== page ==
In a recent report done by Peter Weidenbach and Johannes vom Dorp, an analysis of 127 common household routers was executed. The findings included the extraction of 117 firmware images out of the original 127 routers from companies such as Netgear, D-Link, Linksys, and others.
During the study, the routers were put through a variety of tests design to determine:
- The current software versions, and the dates of their last updates.
- Which operating systems are used, and what are their critical issues?
- What exploit-mitigation techniques are used by vendors, if any?
- Do the firmware images extracted contain any private, key information?
- Are there any login credentials present?
The results of these experiments were shocking, to say the least. There were zero routers without critical issues present. Further, 46 routers hadn't received any software updates within the last year. According to the study, many of the routers were even affected by, "hundreds of known vulnerabilities."
However, another terrifying discovery was made during this research. Even if most of the software was updated on some of the routers, it still wouldn't fix the majority of the security flaws.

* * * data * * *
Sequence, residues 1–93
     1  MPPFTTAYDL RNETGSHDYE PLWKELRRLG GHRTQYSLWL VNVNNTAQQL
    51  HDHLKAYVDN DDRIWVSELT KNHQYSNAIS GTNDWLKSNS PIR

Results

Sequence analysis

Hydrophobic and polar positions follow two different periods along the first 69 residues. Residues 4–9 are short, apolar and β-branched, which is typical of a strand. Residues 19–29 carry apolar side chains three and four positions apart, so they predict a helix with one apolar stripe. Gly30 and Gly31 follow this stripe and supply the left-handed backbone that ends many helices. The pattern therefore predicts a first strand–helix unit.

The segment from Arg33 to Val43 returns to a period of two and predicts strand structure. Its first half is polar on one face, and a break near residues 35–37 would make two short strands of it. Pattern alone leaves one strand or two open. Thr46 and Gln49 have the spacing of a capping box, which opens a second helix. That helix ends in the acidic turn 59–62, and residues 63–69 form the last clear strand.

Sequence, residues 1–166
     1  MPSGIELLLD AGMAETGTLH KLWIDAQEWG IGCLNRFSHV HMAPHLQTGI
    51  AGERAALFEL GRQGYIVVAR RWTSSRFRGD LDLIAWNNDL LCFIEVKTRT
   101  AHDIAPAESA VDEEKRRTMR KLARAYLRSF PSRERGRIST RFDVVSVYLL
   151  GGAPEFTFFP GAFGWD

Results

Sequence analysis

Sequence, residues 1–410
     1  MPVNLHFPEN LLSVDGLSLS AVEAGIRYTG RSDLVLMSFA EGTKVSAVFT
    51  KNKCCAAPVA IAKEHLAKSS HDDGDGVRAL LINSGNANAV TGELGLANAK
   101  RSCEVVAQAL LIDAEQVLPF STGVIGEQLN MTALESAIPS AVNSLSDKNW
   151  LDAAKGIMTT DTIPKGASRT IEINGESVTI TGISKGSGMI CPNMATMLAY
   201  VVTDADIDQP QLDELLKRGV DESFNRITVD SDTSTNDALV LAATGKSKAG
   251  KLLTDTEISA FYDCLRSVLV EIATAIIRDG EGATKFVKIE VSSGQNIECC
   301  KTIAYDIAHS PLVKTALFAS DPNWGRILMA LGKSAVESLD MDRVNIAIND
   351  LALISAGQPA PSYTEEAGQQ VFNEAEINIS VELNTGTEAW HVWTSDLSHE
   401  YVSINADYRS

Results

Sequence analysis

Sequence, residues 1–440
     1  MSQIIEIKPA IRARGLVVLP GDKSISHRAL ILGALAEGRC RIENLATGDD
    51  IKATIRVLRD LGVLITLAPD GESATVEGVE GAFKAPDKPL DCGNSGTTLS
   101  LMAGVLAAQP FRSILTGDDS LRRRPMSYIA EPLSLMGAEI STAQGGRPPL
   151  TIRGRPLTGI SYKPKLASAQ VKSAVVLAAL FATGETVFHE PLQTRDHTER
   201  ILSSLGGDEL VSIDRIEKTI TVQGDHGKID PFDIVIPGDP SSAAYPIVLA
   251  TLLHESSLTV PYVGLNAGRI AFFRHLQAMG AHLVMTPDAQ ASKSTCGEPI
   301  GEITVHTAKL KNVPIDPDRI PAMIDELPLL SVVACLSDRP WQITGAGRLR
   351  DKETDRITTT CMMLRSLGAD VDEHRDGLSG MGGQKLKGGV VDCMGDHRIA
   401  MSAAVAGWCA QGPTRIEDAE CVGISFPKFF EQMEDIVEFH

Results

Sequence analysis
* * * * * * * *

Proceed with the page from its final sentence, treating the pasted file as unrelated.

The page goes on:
"Some routers have easy crackable or even well known passwords that cannot be changed by the user. Most firmware images provide private cryptographic key material," the study reads.
As stated earlier, of the 127 routers tested, data was extracted from 117 completely. This is largely due to 91 percent of the routers tested running an ancient, unmaintained, version of the Linux operating system.
“To sum it up, our analysis shows that there is no router without flaws and there is no vendor who does a perfect job regarding all security aspects,” Weidenbach and vom Dorp wrote. “Much more effort is needed to make home routers as secure as current desktop or server systems.”
However, it isn't time to panic just yet. While no perfect solution exists to this problem, there are steps you can take to ensure that you and your network stays secure. By following these steps, you can keep your cybersecurity high and your risk factors low.